The Trouble with Gerrold: Using all the petaflops
November 14, 2012 —
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Related Search Term(s): multicore
The first personal computers were called microcomputers, and they were powered by a 2MHz 8-bit Z80 chip. If you had a couple thousand dollars to spare, you could load the machine up with a whopping 64 kilobytes of RAM.
Then Moore’s Law kicked in.
Actually, it’s not a law, it’s an observation. In 1965, Gordon E. Moore, the cofounder of Intel, published a paper in which he noted that the number of components in integrated circuits had doubled every year from 1958 to 1965. He predicted that the trend would continue for at least another 10 years.
He understated the case.
Before the end of the 1970s, it was obvious that an 8-bit microprocessor was insufficient. The 16-bit 8088 powered the first IBM PCs. Actually, it was a 16-bit chip with an external 8-bit data bus so it could use cheaper supporting logic chips, but that was the beginning of the x86 processor line.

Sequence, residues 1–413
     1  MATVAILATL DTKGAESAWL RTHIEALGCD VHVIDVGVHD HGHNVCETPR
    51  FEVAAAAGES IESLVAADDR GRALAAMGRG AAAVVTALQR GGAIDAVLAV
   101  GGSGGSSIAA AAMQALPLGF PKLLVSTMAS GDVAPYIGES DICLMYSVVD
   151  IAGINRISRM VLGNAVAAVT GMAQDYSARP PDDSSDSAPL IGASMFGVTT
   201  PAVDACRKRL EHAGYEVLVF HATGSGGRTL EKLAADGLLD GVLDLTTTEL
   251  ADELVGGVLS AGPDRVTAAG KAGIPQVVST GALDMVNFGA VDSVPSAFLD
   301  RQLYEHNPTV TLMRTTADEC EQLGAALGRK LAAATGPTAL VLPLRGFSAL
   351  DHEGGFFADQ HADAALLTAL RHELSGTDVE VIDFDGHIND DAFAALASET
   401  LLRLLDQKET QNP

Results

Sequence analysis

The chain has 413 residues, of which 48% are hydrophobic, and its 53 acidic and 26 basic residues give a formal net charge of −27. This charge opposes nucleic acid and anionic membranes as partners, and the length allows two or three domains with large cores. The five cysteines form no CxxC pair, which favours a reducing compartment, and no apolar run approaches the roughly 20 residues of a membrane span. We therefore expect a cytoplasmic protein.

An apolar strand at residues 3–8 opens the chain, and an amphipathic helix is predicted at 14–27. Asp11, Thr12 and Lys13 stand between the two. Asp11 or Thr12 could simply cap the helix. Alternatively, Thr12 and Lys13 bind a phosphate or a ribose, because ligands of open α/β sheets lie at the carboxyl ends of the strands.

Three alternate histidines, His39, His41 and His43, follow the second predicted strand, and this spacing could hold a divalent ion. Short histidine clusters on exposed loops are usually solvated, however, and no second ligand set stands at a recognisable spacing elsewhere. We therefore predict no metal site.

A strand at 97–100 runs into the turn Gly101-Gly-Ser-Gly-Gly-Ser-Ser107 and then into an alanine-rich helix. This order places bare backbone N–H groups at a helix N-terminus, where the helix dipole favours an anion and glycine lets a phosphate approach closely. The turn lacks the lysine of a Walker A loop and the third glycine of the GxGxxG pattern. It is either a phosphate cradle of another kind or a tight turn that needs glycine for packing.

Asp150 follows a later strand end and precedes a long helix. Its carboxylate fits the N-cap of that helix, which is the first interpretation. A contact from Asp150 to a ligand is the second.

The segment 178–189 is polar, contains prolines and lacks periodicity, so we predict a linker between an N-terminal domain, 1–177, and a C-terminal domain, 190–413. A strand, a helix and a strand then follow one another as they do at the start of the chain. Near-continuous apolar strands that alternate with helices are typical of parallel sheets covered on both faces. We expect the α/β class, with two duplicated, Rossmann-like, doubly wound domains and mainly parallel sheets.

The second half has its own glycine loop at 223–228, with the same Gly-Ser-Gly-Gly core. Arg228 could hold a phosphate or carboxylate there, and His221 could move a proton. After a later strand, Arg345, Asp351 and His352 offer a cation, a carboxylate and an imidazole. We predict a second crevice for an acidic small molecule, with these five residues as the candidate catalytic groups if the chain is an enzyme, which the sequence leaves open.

The 286 chip ran at 6MHz, then 8MHz, and eventually 12.5MHz. This was the real beginning of the race for power. The 286 was followed by the 386, which ran at 33MHz. It was the first 32-bit chip, and it was fast enough to make Windows a practical operating system.
The 486 ran at 50MHz. In those days, every advance in speed was significant. It made a noticeable difference in the response time of every piece of software, and that fueled the hunger for ever more powerful upgrades.
Instead of a 586, Intel released the Pentium chip, which went through several iterations over the next few years, each time getting faster and more powerful. The first Pentium premiered in 1993 and ran at 60MHz. By 1999, the Pentium III was running as fast as 1.13GHz. The Pentium 4, released in 2006, can hit 3.6GHz on the straightaway. The Pentium D hits 3.73GHz.
Throughout the 1990s, processor speeds continued to accelerate. All those extra clock cycles allowed programmers to add more features to their software, and even create whole new categories of software. We moved from word processors and spreadsheets to speech recognition, image processing, CGI rendering, video editing, and powerful 3D games.